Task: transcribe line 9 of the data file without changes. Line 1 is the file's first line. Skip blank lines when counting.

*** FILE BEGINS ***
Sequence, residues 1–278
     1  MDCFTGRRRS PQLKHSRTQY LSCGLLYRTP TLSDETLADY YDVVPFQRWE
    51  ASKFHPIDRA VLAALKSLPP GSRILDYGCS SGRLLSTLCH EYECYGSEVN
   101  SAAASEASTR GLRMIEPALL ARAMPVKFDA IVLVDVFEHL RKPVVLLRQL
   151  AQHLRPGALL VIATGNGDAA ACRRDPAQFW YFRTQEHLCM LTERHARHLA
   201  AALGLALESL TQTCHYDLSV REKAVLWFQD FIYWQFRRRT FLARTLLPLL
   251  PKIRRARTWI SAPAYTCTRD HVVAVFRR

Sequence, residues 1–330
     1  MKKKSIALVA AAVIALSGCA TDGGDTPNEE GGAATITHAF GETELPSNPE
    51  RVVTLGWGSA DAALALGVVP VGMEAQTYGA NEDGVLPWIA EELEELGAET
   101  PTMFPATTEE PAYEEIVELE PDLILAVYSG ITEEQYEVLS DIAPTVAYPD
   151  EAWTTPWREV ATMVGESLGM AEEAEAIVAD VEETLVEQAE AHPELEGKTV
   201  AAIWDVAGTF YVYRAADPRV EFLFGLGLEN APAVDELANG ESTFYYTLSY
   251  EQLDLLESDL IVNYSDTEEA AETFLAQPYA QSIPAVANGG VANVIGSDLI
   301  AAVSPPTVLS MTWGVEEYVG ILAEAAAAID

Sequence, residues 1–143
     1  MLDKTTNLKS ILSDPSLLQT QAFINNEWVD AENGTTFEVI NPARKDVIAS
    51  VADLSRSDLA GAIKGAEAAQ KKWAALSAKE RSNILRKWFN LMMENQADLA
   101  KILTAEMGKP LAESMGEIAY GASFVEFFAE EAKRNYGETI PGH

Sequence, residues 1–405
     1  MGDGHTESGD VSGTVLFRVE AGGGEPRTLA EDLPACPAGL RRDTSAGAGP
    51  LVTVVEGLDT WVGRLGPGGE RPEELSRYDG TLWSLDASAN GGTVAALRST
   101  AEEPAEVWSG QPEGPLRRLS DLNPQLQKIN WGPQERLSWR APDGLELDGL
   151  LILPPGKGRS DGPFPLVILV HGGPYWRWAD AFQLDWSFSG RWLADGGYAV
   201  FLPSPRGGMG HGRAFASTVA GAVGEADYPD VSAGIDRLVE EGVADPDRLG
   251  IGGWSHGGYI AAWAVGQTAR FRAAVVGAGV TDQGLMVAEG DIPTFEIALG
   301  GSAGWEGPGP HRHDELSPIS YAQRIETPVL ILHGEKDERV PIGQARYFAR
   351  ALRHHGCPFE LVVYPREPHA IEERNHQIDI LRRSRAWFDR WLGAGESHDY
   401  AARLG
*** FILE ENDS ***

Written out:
     1  MKKKSIALVA AAVIALSGCA TDGGDTPNEE GGAATITHAF GETELPSNPE